The former Scottsdale Auto Park site sits at the western gateway into Scottsdale, just north of the Desert Botanical Garden and Phoenix Zoo. Once a key piece of south Scottsdale’s prosperous “Motor Mile,” the auto park drifted into vacancy over the past decade as dealers sought new locations closer to major freeways.

Today, there are few signs of life at the rusting complex. A high-tech startup company occupies one building, while several others are used only for storage.

That could change if the Scottsdale City Council approves a zoning request to make way for the SunChase project, which could come up for a final vote early this fall. The property already is zoned to allow commercial development, but SunChase is asking for the ability to add residential buildings.

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The “Re-Imagining Southern Scottsdale” project officially launched Friday, October 1st.

Dozens of local residents have volunteered to participate in the project and gathered at Fate Brewing Co. last week for an introductory meeting and to share their personal stories about Southern Scottsdale.

“When I heard about the ‘RE-Imagine Southern Scottsdale’ identity project, I immediately jumped on the opportunity to volunteer,” said Sydney Fagner.

“I’ve lived here for almost five years and there are things I love about Southern Scottsdale and things I want to see improved. There is so much potential here. This is an important project and it’s such an amazing feeling to be involved in something that will inevitably improve the place I call home.” 

The project is a yearlong, comprehensive identity building exercise to create positive momentum for the revitalization of Southern Scottsdale, and specifically the McDowell Road Corridor. 

“This is a proud moment for all of us who belong to Southern Scottsdale,” said the SGA board chairman, Jeff Berghoff. “For years there has been so much talk about the need to redefine this area and we’ve just taken the first big step toward achieving that goal.” 

The SGA is committed to engaging as many participants as possible with the goal of collecting input from thousands of residents and business owners. Over the next few months, dozens of volunteers in SGA t-shirts will be engaging in community outreach at parks, retail locations and walking neighborhoods to gather opinions of Southern Scottsdale residents. 

This intensive process is made possible by a $50,000 grant from the Scottsdale Industrial Development Authority (IDA) and dozens of local corporate sponsors who share an interest in the revitalization of Southern Scottsdale.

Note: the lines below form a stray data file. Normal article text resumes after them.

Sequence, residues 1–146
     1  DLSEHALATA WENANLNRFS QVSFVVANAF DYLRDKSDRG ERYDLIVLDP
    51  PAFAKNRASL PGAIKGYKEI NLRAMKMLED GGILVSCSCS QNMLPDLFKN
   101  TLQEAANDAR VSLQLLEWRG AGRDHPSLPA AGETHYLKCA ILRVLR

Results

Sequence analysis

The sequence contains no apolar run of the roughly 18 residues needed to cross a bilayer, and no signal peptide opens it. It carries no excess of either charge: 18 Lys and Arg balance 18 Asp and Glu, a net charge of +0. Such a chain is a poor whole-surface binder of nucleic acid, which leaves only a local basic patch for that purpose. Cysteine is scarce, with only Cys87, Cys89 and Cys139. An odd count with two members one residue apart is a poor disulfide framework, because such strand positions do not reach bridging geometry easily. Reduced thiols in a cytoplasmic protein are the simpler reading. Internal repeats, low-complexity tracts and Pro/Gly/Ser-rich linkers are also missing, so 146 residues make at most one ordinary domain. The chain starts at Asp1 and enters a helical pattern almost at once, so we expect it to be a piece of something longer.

The SGA invites anyone who operates a business or lives within the boundaries of Southern Scottsdale to participate in the exercise by going to

The Scottsdale Gateway Alliance is proud to announce the launch of a yearlong, comprehensive identity building exercise to create positive momentum for the continued revitalization of Southern Scottsdale and the McDowell Road Corridor specifically. 

SGA has partnered with the Scottsdale Industrial Development Authority to connect with thousands of local residents and business owners to gather community input and create a dialogue that will lead to the development of a new brand, create a sense of “place” and generate renewed pride in our community.

SGA hopes to talk to thousands of residents to ensure everyone has an opportunity to contribute to the project and have their voice heard. In order to accomplish this, we need your help.

SGA is currently seeking volunteers to help with the grassroots outreach efforts. Volunteers will be asked to talk to and engage with people in their neighborhood, at local parks, coffee shops, retail stores, businesses, and civic and social clubs in the area. The goal is for our volunteers to recruit friends, neighbors, (and sometimes complete strangers) to participate in the branding exercise.

If you are interested in volunteering for this community project, please reply to this message or email